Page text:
The biblical tradition provides a sweeping narrative, spanning the course of a millennium, about the reception of the Torah among the people of Israel. The account begins when the God of Israel first gives his set of laws to Moses at Mt. Sinai and continues until the time when Ezra and Nehemiah bring about a restoration of this Torah in Persian-era Jerusalem. This is a chronicle of discontinuities, characterized by long periods when the Torah was entirely neglected, but punctuated by intermittent episodes of rediscovery and restoration at the hands of virtuous leaders. Already before Moses descends from the mountain, the people transgress by setting up a golden calf. Subsequent prophets through the centuries repeatedly scold Israel for its various iniquities, and time after time the nation is punished for its sins.
This dim narrative of disobedience is punctuated now and again when a righteous leader returns the people to observance of the Torah’s laws. Jehoshaphat, for example, sends teachers throughout the land to teach Torah to the people (2 Chr 17: 7–9). Hezekiah restores observance of the Passover, as it had not been celebrated “since the days of Solomon son of David, king of Israel” (2 Chr 30:26). Josiah similarly restores observance of the Passover, as it had not been offered “since the days of the judges who judged Israel nor in all the days of the kings of Israel and the kings of Judah” (2 Kgs 23:22; see also 2 Chr 35:18). On the authority of a Persian king, Ezra arrives in Jerusalem and publicly expounds from a long-forgotten Torah, restoring observance of Sukkot rites that had been neglected “from the days of Jeshua son of Nun to that day” (Neh 8:17). And finally, Nehemiah discovers the populace of Persian-era Jerusalem negligent of the Sabbath and immediately sets about to restore proper observance of the day (Neh 13:15–22).
This biblical tradition is certainly not “history” in the modern sense of the word. “History,” from the ancient Greek “historía
,” refers to the open-ended, methodical investigation into questions that people in the present choose to pose about the past. That the biblical tradition was never “history” becomes abundantly evident when we consider the fact that the tradition provides no citations, includes no footnotes, and affords no bibliographic lists of sources. Rather than a methodical inquiry into the past, the biblical tradition about Israel’s reception of the Torah is very much a living declaration in the present
, a call to action in the here and now. It proclaims that the Torah is divine, and as such its commandments are sacred and to be kept assiduously. It warns against complacency, as the Torah is liable to be ignored and even forgotten if sufficient care is not taken to maintain its continual observance. It comforts that even if transgression occurs, full repentance through restoration of Torah observance is always possible. Its message is acutely relevant to the lives of those who inherited the tradition, and it adjures those who have thus received it to pass it onward as a legacy to subsequent generations.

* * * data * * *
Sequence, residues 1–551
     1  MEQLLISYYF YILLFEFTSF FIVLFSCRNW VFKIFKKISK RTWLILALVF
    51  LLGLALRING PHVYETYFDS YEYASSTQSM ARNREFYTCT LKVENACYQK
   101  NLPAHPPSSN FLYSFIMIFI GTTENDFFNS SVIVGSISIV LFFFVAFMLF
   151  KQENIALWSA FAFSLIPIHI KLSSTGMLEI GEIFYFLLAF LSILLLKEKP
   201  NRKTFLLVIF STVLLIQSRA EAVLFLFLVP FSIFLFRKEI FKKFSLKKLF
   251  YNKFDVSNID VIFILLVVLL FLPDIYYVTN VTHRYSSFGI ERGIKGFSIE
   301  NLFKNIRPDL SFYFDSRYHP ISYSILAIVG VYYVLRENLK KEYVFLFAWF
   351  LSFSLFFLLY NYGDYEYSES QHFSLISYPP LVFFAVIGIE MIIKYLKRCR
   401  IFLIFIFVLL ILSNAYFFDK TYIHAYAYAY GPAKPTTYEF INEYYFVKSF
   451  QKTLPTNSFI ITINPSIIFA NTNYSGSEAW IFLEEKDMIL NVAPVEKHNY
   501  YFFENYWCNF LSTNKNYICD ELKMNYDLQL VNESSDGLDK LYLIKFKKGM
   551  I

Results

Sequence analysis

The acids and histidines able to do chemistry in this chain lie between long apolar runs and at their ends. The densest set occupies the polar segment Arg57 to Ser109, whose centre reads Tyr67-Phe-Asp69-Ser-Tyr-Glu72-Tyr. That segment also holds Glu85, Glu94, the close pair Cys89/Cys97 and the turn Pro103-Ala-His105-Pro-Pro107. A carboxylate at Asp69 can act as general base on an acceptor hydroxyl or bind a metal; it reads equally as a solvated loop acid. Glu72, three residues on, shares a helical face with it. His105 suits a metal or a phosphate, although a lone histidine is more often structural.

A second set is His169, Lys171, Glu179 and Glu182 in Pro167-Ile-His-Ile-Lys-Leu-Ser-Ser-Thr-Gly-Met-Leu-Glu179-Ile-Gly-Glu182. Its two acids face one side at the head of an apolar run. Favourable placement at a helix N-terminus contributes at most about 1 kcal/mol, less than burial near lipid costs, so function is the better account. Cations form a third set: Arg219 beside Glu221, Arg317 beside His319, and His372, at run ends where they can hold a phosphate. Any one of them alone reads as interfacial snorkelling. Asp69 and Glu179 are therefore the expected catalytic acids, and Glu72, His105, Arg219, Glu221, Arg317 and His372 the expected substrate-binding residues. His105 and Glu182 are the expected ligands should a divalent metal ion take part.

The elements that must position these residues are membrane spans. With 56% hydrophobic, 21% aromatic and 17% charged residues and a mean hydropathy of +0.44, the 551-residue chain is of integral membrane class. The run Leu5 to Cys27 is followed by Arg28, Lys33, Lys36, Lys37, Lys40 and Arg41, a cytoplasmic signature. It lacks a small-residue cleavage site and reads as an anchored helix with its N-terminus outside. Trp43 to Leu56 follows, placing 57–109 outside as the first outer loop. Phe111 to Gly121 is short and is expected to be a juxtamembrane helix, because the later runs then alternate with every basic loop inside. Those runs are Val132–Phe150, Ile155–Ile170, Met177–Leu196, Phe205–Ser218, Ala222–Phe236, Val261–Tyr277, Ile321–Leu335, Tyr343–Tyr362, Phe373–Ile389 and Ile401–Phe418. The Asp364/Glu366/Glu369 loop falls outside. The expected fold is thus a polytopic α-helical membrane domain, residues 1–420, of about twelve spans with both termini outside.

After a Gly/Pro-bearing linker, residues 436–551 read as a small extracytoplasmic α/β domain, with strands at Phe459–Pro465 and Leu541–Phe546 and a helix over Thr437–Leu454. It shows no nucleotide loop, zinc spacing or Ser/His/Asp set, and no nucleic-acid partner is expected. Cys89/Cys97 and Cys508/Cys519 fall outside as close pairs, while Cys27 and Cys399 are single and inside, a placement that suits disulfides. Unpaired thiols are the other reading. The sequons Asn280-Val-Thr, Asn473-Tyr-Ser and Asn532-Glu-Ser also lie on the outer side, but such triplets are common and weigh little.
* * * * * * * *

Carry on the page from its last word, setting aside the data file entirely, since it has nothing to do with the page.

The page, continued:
As a call to action in the present, the biblical tradition about how the Torah came to be observed by Israel is undeniably true in the deepest, most fundamental sense of the word. It is this tradition that has fostered not only the survival but also the astonishing development and flourishing of Jewish communities throughout the many centuries of frequently recurring persecutions and hardships. To paraphrase the Hebrew thinker Ahad Haʿam (1856–1927), more than the Jewish people have kept the Torah, the Torah has kept the Jewish people. Undoubtedly, the biblical tradition about the early reception of the Torah has served as the bedrock of Jewish identity, and hence existence, through the generations.
Despite its crucial place in forging the Jewish past and present, the biblical tradition about the origins of the Torah and how it came to be observed is decidedly not the point of departure of the book that is before you. The biblical account has been studied in the past from countless angles, both traditional and critical, and doubtless will continue to be a subject of intense interest well into the future. As crucial as the biblical tradition has been as a call to action throughout the millennia, it will not be subject to investigation within the framework of the present study.